I love a good stat. Especially about writing and communicating.

When I was writing the first Write Better book, I decided to practice what I preach and ask real people to share how they feel about writing. What stops us from writing better? Can we improve?

The 182 people who responded made it a better book by helping me decide what to cut and what to keep. Thank you.

3 important bits
Everyone can write better
Getting started is tough
We are judged by how we write and communicate


Over 70% of people wanted to write better – either to feel more confident, for their job or for their small business.

“I KNOW that I don’t sound the same in writing compared to speaking. I don’t know why I am so serious and boring when I write compared to telling a good yarn.”

“So I don’t question myself, develop a style that’s me and to help me write better proposals for work.”

“Good writing can change the world. And we can all be better writers.”

A third of people said knowing how to get started was the toughest part of writing.

“I edit & re-edit everything. I regularly get compliments for my emails, but people have no idea how much time I spend trying to get it right & second-guessing myself.”

“Sometimes simply the act of writing can seem daunting, so I procrastinate.”

Choosing the right words, worrying what others think and finding the time to right all stop us writing better.

“Adapting for each audience. I understand who my audience is but I am naturally detail oriented so I struggle to provide a succinct high level view.”

“Exactly what i should write; & short, impactful ads that regularly engage audience. I am much better at writing overly lengthy detailed missives that I spend ages putting together & refining.”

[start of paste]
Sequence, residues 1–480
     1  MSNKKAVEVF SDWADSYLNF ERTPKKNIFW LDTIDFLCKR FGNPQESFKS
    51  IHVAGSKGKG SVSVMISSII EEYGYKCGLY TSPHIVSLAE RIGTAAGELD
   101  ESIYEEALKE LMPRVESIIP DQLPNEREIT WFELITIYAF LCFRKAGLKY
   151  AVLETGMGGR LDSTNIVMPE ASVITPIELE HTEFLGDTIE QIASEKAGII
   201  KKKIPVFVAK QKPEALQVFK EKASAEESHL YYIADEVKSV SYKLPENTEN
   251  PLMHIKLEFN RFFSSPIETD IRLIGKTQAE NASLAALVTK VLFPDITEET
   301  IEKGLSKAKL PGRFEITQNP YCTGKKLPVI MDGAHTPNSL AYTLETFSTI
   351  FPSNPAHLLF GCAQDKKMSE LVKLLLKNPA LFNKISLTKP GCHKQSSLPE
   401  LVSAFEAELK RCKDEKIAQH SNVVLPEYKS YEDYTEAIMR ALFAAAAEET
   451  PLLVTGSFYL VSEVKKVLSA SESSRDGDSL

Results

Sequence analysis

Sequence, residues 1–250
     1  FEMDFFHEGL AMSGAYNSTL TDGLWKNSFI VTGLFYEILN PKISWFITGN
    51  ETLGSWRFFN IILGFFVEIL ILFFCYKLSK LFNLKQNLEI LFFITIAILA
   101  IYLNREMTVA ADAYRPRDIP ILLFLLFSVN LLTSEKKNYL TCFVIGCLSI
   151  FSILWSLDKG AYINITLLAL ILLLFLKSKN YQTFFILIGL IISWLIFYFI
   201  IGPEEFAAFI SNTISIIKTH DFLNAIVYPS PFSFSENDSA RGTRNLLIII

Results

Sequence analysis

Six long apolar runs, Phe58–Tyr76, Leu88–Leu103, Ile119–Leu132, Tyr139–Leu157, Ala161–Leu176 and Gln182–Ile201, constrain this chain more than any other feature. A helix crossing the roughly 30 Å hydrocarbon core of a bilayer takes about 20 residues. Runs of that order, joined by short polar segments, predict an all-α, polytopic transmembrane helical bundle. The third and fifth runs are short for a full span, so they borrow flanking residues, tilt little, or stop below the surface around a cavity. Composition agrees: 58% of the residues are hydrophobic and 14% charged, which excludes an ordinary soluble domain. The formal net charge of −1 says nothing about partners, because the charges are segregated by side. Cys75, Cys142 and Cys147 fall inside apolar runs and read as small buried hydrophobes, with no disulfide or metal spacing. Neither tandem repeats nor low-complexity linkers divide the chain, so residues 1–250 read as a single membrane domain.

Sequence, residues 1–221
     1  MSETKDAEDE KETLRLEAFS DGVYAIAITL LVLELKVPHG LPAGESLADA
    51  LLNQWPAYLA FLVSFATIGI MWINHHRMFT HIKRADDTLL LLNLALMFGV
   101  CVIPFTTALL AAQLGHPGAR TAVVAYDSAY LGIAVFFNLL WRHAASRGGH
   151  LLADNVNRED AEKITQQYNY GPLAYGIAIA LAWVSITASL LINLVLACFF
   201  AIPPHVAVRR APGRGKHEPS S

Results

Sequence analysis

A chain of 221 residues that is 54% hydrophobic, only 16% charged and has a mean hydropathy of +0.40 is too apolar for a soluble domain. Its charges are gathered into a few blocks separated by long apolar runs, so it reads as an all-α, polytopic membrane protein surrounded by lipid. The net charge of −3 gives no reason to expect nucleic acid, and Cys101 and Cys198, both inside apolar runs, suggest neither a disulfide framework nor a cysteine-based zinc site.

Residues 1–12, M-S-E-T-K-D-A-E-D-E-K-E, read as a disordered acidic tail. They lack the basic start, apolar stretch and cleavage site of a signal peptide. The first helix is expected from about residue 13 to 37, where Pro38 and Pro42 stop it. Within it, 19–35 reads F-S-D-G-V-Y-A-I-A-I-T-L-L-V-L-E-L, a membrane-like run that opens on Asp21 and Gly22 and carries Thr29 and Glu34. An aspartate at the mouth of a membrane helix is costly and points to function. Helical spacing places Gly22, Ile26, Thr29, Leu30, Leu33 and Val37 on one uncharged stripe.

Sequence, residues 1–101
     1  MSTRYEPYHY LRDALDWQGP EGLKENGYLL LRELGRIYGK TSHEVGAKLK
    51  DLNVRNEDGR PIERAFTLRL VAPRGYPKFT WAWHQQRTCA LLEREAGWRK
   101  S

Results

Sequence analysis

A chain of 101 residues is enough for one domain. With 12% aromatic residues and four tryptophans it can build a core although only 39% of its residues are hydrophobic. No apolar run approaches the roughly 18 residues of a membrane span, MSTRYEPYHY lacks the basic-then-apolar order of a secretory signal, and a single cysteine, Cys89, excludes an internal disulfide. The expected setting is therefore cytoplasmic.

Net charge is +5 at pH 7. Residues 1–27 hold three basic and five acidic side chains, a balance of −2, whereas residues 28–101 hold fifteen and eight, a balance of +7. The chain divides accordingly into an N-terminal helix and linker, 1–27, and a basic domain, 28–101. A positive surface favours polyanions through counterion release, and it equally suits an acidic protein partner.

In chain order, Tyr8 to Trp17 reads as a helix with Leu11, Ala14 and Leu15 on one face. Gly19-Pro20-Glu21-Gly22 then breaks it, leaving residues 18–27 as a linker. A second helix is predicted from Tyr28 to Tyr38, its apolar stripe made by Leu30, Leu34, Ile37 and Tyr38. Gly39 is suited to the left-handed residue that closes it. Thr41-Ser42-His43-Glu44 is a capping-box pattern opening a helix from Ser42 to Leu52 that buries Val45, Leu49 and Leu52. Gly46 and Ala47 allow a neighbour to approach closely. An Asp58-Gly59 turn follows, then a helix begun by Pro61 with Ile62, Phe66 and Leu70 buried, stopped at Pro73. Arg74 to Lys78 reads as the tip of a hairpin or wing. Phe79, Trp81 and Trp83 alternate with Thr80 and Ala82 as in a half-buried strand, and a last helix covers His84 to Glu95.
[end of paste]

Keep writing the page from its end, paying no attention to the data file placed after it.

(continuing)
“I’m fine with clarity. It’s making my writing stand out and having more distinctive/intentional language choices where I feel weak.”

Writing can cause embarrassing situations.

“As a manager, hearing staff speak behind my back about spelling error in my emails.”

“Where what I wrote was misunderstood because I had incorrectly assumed the audience’s knowledge base was similar to mine.”

“When I’ve changed the sentence around so much then it says the opposite of what I mean (i.e. I’ve left a ‘not’ in there by mistake).”

“I avoid writing letters / memos / emails at work because I’m always worried that people are going to think I’m having a go at them.”

98% agree we can all get better at writing.

“Constant practice, plus reading good writing – slowly and with appreciation. I’ll often read something aloud.”

“The more you read, the more you explore words, the more feedback you receive, you can get better.”

“I think some people are naturally better but I also believe it can be learnt.”

“Everyone can improve – studying people whose writing style I admire, having a go at it etc, was something I really wanted to do and then didn’t give it time until last year.”

People are judging you for your writing.

“For sure. I mean, I’m a decent writer, but if I read a horrible Facebook post that I can barely comprehend, yeah, I’m judging their education, intelligence and self respect.”

“Yes. As the only person in the business I worry that what mean to say might be misinterpreted. Also very aware of the ‘trolls’ that come out online and am terrified about how to deal with them if something was not well received.”

“Yes – I work in the medical field and poor writing reduces people’s confidence in your expertise.”

Blogs and emails are where most people want to improve.

“Writing is at the core of my work, so from simple emails between clients and I, to the final product I deliver to them, it all needs to be written the best way possible.”

“Would love to write better emails, ensuring that my meaning is understood and is clear.”

I want to write better…

  • Blogs and articles (48%)
  • Emails for work or business (33%)
  • Social media posts for business (27%)
  • Headings and headlines (23%)
  • Presentations (21%)
  • Job applications (19%)
  • Apologies and managing complaints (13%)
  • Product descriptions (12%)

Ask your audience

Want to know the problems your audience wants you to solve? Ask them.


What’s your biggest writing roadblock?